Organizational Effectiveness: Crossing the Finish Line Together

There are some great lessons we can pull from these wheeled warriors into the business world.

I get very excited each year at the beginning of July because it is the start of the Tour de France, a month long event.

Thanks to VCR, then DVD and now DVR and the web, I’ve hardly missed a televised stage of the Tour de France since I first saw American Greg LeMond win in 1989 by eight seconds after a month and 2,000 miles of racing. One year before web access on phones, I foolishly scheduled a family vacation during the Tour, and a friend was kind enough to call every 15 minutes with updates during the final day of the race as we drove to Lake Powell. I can still hear him screaming on the last call, “ … Ullrich’s down! Ullrich fell! Lance is going to win!”

The Tour de France is one of the most grueling sporting events in the world. If you’re a fan, you also know that it’s full of strategy, tactics, drama, danger, heroics and superhuman efforts. Those who don’t follow the sport find it hard to believe that modern day bike racing in these Grand Tours is also very much about the team. The big dogs such as Lance Armstrong, Alberto Contador and many before them may make all the headlines (too often because of doping allegations), but without their domestiques (support riders), they wouldn’t prevail.

In the team time trial event, nine riders from each team race against the clock. This event requires evenly matched teammates and superb technique. The clock stops when the fifth rider, not the first, crosses the line so there’s no advantage for the team leader to sprint for glory. Only by working together — in this case riding 30 to 40 miles an hour one inch from their mate’s wheel — can the team win so the individual star might also win.

Business also has strategy, tactics, drama, danger, heroics and superhuman efforts. In business history, the heroic leader (for example, Lee Iacocca, Al Dunlap and Steve Jobs) often claimed credit and received all the accolades for success, in a few cases deservedly so.

However, my experience is that the way to lead, and the best way to succeed, is by getting the entire team across the goal line at the same time. Leading from way out front might assuage the egos of CEOs who see themselves as superstars, but it rarely works.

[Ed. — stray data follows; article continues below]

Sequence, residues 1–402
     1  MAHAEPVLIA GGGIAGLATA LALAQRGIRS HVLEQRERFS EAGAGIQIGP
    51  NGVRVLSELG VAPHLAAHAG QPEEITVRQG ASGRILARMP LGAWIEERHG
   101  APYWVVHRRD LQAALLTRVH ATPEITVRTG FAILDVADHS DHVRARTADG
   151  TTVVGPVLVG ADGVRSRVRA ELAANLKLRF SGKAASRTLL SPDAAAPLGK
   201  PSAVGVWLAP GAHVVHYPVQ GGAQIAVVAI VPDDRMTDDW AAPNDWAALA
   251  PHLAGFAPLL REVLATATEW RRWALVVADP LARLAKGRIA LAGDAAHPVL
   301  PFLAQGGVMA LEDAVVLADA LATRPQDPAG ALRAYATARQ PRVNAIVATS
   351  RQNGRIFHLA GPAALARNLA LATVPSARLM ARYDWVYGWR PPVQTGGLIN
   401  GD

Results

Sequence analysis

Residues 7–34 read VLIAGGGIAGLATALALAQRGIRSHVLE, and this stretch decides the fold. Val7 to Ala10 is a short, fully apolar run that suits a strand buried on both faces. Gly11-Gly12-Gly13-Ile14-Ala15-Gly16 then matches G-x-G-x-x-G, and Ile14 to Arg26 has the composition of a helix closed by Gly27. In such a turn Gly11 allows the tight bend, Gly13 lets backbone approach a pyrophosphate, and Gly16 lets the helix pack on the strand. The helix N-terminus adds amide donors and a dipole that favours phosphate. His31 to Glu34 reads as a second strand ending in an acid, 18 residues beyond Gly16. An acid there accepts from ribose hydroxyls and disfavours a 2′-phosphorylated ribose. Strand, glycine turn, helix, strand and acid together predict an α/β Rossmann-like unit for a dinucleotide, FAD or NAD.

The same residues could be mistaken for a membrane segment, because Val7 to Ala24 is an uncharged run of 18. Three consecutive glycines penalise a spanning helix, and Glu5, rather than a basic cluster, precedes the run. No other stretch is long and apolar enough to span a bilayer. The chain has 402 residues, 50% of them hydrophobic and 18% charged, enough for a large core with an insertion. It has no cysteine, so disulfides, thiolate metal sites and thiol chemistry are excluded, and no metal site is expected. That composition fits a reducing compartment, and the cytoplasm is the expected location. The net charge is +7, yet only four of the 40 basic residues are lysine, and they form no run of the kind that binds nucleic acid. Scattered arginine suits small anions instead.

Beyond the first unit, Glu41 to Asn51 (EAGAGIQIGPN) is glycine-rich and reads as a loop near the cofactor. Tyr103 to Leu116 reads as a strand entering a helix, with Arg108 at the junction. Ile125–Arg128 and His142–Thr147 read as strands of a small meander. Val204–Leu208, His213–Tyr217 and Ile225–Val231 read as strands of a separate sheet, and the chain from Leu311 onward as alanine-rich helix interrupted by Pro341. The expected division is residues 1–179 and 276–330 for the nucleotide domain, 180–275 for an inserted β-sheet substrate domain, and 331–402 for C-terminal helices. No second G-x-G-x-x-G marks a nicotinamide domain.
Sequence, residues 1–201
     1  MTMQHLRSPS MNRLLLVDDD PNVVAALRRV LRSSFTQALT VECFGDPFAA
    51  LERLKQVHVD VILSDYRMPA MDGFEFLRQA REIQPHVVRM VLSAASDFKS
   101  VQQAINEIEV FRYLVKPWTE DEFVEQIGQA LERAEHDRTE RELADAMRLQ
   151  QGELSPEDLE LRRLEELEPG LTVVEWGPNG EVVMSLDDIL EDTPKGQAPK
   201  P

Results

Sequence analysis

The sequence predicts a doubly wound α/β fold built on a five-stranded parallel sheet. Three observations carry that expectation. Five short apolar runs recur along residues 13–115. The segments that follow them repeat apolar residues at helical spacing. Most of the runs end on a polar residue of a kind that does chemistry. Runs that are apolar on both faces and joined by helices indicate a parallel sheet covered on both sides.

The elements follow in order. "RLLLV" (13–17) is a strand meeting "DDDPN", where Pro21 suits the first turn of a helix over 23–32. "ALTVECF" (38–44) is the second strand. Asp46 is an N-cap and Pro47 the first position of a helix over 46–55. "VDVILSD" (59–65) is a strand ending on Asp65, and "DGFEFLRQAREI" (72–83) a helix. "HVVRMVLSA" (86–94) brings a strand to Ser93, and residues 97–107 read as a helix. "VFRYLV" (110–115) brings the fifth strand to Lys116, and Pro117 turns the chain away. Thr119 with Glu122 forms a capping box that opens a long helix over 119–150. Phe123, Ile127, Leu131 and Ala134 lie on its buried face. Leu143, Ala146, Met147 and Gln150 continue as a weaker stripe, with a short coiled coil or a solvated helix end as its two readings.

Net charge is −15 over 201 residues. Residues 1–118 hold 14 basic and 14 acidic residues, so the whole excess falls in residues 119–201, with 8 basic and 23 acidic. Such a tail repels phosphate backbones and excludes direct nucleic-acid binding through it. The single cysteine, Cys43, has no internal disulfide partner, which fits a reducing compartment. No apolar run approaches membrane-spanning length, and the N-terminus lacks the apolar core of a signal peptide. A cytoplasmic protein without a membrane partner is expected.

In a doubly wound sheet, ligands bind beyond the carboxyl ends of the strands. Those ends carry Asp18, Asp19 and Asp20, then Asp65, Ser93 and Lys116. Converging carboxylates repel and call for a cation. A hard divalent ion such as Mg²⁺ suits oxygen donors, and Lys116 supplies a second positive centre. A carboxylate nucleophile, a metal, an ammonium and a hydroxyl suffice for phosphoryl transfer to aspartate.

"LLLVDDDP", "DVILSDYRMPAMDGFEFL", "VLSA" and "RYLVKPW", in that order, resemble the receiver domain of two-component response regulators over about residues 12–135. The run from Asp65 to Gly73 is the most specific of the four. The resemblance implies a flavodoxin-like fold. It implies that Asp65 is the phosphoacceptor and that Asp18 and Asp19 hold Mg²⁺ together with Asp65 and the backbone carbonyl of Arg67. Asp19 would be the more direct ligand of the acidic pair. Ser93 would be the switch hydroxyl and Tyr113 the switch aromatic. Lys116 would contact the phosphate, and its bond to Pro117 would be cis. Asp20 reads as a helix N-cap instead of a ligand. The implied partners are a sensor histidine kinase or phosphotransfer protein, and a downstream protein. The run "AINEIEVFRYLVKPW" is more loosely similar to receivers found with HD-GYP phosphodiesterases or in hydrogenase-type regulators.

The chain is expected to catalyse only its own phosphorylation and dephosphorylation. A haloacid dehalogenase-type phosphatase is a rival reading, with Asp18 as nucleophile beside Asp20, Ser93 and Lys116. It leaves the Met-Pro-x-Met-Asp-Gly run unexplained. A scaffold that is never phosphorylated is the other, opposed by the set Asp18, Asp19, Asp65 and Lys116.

You might be brilliant, but the need to get the team across the line requires communication skills that match or exceed your intellect and brilliant ideas. Four brilliant executives won’t get the “fifth rider” across the line unless they’re coordinated and focused on the team.

Making sure you have the right people on your team so they can keep up is also critical. In the Tour de France, only five of the nine teammates must cross the line to get a valid time. However, the remaining members must finish in a reasonable period or they’re thrown out of the race. As harsh as it may seem, this must also be done in a highly performing business.

Are five out of nine of your teammates getting to the finish line together? Are the others close behind or replaced with more talented teammates?

Todd Ordal is President of Applied Strategy®. Todd helps CEOs achieve better financial results, become more effective leaders and sleep easier at night. He is a former CEO and has led teams as large as 7,000. Todd is the author of, Never Kick a Cow Chip On A Hot Day: Real Lessons for Real CEOs and Those Who Want To Be(Morgan James Publishing, 2016). Connect with Todd on LinkedIn, Twitter, call 303-527-0417 or email [email protected].

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